We live in a rapidly changing economy and our legislation, including bankruptcy legislation, needs to adapt to those changes. To ensure that bankruptcy in Canada continues to meet the needs of both consumers and creditors, Industry Canada conducts a review of insolvency rules and legislation every five years. As part of the process they ask industry experts, and any interested party, to submit suggestions for improvement to the rules and regulations contained in the Bankruptcy and Insolvency Act (BIA).
At Hoyes Michalos we take our responsibility to the insolvency industry, and affected debtors and creditors, very seriously. During the last detailed review of insolvency legislation, Hoyes Michalos was the only independent bankruptcy trustee firm asked to appear for a full hour before the Senate Standing Committee on Banking, Trade and Commerce. Represented by founders Doug Hoyes and Ted Michalos, we argued for rules that would be more reasonable for the average Canadian, not for the banks.
This year once again we prepared a detailed submission to the government, outlining our suggested improvements to insolvency legislation in Canada. We outlined several suggested changes to current bankruptcy rules which we feel would better serve Canadians:
- We believe that license denial rules should be prohibited for debts that would otherwise be discharged by bankruptcy. For example, 407 ETR currently denies your license plate renewal if you owe money to them in a bankruptcy. We believe that 407, or any other licensing body, should be treated like all other creditors, and their debts and powers should be discharged in bankruptcy or a consumer proposal.
- Under current law an RESP is seized in bankruptcy except in Alberta. The BIA does not exempt RESP contributions however recent amendments to provincial legislation made certain RESP savings exempt in that province. We recommended that RESPs should be exempt from seizure in bankruptcy in Canada under the Bankruptcy and Insolvency Act, except for contributions in the previous year. This would make the legislation consistent with the current RRSP rules and consistent across Canada. Exempting RESPs from seizure in a bankruptcy would provide necessary protection for savings set aside by Canadian families for their children’s education.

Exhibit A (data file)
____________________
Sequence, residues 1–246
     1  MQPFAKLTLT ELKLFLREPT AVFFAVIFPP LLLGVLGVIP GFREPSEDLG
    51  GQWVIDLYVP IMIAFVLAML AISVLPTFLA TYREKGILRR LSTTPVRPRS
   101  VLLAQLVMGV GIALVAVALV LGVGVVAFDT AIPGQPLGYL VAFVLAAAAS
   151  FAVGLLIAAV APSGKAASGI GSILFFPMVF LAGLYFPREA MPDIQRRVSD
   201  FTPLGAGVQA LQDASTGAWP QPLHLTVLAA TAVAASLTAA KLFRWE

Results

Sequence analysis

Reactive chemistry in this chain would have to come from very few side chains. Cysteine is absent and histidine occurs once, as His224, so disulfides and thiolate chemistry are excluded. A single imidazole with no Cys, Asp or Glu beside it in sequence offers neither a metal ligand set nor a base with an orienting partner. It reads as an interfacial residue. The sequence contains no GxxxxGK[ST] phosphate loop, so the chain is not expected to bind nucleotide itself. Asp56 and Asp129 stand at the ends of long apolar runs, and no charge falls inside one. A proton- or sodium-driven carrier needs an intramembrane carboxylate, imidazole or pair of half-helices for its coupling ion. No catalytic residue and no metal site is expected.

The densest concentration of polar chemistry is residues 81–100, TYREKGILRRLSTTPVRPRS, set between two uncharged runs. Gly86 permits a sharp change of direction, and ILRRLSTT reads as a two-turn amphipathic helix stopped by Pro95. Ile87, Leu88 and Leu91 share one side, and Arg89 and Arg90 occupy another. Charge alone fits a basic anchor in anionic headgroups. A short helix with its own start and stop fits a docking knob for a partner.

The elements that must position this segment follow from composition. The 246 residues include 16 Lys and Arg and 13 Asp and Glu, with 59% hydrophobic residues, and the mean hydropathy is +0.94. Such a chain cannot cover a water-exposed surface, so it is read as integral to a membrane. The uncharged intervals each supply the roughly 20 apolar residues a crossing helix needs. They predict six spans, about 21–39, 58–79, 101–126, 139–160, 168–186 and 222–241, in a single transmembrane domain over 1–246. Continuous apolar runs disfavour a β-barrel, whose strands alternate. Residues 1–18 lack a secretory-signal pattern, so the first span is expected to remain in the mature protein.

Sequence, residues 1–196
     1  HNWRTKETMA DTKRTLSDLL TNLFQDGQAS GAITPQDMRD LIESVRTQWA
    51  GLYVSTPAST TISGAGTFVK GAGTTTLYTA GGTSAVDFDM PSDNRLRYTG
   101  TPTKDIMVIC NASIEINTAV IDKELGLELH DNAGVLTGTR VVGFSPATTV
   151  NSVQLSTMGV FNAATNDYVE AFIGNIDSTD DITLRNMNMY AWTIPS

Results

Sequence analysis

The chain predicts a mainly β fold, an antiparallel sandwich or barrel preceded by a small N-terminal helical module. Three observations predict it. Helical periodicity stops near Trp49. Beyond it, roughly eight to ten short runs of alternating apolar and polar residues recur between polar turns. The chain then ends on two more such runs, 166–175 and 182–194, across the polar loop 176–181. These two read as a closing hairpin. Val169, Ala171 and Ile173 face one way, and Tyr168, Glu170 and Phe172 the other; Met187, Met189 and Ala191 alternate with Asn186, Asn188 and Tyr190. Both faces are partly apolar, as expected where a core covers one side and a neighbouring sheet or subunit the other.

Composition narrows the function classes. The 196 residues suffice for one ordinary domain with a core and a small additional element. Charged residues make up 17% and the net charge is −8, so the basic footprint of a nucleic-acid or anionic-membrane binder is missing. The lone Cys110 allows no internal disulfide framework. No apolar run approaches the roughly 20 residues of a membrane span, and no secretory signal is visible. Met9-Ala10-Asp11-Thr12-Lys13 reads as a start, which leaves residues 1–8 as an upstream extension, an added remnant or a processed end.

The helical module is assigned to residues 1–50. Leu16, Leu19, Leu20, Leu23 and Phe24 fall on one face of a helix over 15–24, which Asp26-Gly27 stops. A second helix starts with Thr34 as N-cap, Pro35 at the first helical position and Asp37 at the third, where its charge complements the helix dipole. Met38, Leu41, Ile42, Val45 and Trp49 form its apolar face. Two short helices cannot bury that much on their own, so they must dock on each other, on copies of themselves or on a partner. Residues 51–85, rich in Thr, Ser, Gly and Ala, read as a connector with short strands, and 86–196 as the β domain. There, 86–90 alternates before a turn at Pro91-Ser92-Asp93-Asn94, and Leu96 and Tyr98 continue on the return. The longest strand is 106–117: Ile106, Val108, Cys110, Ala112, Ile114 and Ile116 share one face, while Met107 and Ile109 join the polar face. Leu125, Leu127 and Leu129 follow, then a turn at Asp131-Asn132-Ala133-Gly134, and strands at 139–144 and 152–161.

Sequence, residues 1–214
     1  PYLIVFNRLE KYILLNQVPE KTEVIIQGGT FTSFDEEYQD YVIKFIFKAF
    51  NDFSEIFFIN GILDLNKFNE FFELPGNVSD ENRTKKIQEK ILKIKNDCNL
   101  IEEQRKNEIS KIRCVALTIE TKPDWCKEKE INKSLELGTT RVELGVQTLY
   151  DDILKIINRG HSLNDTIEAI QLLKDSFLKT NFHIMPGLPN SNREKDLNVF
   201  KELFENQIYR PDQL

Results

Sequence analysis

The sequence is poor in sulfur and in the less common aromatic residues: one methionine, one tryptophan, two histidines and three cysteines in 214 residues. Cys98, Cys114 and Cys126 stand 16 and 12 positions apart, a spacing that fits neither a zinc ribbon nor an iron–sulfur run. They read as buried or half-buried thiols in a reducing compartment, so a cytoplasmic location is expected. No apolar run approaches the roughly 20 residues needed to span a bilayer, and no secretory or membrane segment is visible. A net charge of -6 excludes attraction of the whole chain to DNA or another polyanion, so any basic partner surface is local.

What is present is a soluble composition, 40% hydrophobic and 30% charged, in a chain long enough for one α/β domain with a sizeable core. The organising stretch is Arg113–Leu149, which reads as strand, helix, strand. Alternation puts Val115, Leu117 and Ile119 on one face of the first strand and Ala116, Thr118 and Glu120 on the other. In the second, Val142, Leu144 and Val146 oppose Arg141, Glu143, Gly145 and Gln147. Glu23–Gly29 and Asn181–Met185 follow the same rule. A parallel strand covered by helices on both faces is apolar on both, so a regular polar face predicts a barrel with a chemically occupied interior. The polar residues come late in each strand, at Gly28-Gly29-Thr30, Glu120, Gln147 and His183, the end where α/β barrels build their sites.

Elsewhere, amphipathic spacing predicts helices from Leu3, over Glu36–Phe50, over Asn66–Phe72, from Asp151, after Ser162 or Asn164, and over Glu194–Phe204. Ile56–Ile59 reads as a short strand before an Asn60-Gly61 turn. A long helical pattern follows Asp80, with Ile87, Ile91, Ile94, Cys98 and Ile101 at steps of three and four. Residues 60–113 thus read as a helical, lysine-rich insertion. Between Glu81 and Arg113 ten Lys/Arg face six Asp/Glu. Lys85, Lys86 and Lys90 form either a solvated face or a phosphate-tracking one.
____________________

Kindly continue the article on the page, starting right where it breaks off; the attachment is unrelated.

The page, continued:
- Currently under bankruptcy law student loans are only dischargeable in bankruptcy if they are over seven years old. That is excessive for many former students, and prevents them from getting a fresh start. We advocate a variable period, so if you get a four year university degree, your student loans would be dischargeable four years after graduation if you declare bankruptcy. In any event the maximum period would be five years.
We have many other detailed suggestions that would improve the efficiency of the system and benefit debtors.
What Do We Expect to Happen?
On October 27, 2014, James Moore, the Industry Minister, the minister responsible for bankruptcy legislation, released his report to Parliament. A parliamentary committee now has one year to review the report and report back to Parliament. What is likely to happen?
The answer will depend on whether or not the government chooses to move quickly and introduces legislative changes prior to the expected federal election date of October, 2015. Not only must the government introduce legislation, but it must also pass through committee, pass three readings in the House of Commons and Senate, and receive royal assent prior to the election. Based on my experience with government, that’s a very short time frame. I have e-mailed Minister Moore for his comments, and will report back if and when I receive his response.
I have no inside knowledge, but if I had to predict I would guess that the government will change the license denial and RESP rules, but will leave most other bankruptcy rules unchanged.
Regardless, we will continue to fight for fair rules for all Canadians, to allow people in need to receive a fresh start.